The 2017 Division Outstanding Early Career Scientists Award is awarded to Nicolas Flament for his contribution to understanding global mantle dynamics by combining geodynamic and seismic models with geological data and field observations.
Nicolas Flament is an unusually broad and talented young scientist. His research focuses on the role that deep-Earth processes have on the evolution of Earth’s surface. His approach of iterating between geodynamic models, data analysis, and the synthesis of regional observations, has allowed him to identify key geodynamic processes as he builds an unusually strong foundation to his career.
Flamet’s PhD work challenged conventional wisdom and demonstrated his innate creativity. As a PhD student at the École Normale Supérieure de Lyon, France, his research challenged the uniformitarian and consensus view that sea level remained relatively constant throughout Earth’s history. While investigating the geological record and the geodynamic consequences of a hotter mantle early in Earth’s history, he proposed that the planet was closer to a water world for the first half of its history. By focusing on strontium isotopes, Flament investigated the consequences of continental emergence on the evolution of ocean composition and proposed a solution to a long-standing debate on crustal growth: Although continents were extracted from the Earth’s mantle early, their geochemical fingerprints only appeared in the oceans when the continents emerged, half-way through the planet’s history.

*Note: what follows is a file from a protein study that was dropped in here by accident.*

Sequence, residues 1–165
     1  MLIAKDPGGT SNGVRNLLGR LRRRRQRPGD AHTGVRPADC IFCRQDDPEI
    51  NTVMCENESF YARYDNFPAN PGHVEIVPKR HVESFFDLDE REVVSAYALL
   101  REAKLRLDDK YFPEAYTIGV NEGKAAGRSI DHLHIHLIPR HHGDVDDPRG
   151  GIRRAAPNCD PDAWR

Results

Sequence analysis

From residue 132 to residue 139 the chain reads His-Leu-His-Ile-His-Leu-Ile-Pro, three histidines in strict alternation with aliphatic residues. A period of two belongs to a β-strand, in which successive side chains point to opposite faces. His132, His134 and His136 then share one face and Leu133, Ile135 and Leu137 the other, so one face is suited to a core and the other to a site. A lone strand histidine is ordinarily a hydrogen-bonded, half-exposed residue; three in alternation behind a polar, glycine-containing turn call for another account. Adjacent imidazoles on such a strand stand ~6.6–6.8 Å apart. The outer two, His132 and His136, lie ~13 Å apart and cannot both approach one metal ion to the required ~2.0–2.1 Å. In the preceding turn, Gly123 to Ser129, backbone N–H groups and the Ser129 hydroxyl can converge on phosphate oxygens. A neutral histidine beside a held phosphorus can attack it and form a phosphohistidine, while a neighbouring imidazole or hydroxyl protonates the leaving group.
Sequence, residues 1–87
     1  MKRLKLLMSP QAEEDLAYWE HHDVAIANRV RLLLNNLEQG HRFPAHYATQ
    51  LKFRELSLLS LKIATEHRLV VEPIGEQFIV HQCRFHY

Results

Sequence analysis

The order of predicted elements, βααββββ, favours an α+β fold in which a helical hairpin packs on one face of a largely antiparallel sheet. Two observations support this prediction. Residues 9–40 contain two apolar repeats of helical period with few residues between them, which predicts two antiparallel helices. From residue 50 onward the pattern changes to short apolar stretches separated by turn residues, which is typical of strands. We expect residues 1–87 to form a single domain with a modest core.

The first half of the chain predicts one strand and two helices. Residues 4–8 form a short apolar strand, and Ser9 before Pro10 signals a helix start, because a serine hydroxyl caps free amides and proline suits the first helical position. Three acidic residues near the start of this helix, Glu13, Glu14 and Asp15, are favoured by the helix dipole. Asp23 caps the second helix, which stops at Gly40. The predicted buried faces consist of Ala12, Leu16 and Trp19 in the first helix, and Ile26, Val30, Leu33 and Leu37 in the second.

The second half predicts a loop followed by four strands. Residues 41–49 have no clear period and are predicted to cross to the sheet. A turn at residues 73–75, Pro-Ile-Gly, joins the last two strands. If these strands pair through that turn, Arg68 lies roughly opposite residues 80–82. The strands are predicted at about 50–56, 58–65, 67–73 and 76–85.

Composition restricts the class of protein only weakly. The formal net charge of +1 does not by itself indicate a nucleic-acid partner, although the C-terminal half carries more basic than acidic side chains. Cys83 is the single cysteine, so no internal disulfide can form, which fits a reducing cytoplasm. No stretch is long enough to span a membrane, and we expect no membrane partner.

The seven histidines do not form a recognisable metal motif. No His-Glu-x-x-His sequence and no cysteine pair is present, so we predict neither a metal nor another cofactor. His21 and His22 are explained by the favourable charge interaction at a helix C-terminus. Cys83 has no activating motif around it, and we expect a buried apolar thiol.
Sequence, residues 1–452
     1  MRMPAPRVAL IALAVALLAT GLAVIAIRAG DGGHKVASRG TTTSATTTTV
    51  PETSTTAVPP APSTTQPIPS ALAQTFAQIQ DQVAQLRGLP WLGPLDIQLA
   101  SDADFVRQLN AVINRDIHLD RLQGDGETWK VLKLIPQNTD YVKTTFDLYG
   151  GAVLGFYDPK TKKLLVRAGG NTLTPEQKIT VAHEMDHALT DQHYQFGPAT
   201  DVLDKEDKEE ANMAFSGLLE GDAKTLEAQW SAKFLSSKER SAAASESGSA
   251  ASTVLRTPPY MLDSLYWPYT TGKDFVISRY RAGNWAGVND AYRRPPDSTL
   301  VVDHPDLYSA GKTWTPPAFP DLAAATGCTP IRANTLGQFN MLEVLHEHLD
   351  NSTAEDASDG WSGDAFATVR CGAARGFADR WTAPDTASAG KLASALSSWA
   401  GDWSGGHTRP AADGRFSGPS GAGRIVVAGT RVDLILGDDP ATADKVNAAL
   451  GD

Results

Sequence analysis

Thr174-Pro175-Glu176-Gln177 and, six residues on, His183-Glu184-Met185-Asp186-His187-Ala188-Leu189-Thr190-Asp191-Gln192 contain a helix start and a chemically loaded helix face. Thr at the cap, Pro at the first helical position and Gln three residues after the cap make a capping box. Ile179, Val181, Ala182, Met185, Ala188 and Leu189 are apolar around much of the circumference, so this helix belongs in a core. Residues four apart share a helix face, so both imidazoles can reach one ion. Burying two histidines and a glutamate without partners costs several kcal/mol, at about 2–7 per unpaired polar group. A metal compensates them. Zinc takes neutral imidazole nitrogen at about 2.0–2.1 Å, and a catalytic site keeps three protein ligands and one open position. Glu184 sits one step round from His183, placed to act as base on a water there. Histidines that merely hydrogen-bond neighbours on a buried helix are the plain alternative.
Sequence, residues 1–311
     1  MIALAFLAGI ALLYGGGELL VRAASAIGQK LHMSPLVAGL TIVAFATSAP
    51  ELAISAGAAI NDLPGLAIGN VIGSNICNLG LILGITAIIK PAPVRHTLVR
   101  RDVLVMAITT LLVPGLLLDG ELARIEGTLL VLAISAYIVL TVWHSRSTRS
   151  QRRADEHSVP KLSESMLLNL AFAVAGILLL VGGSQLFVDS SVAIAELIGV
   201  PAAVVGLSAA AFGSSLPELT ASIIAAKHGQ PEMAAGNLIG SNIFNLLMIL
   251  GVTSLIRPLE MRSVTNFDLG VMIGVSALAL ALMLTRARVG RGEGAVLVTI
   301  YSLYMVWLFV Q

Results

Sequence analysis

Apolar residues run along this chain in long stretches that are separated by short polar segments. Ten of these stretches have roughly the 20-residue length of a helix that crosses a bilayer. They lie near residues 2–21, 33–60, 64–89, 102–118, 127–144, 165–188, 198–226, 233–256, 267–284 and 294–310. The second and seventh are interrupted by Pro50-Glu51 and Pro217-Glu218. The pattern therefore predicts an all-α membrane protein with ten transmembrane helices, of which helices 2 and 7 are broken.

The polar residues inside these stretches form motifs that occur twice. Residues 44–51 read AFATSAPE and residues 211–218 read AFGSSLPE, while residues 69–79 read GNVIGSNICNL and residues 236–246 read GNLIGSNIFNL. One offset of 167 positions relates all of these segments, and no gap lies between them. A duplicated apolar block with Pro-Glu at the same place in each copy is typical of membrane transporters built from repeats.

After his PhD, he joined the University of Sydney where he has been testing global models of plate kinematics and spherical mantle convection with a wide range of observations. He lead the first study that linked global flow models with continental stretching and demonstrated the role that deep mantle flow could have on passive margin evolution.
Recently, Flament has completed an unusually innovative study on the seismic anomaly at the core mantle boundary, the so-called ‘Perm’ anomaly, and how it could have arisen from a confined ring of subduction hundreds of millions of years ago while translating thousands of kilometres laterally. This work has challenged an essentially static view of seismic anomalies in the deep mantle now in vogue and advanced by geologists.
Nicolas Flament is a creative and talented young scientist who is using geodynamics to better understand the first order controls on geological processes and is an ideal candidate for the EGU Geodynamics Division Early Career Scientist Award.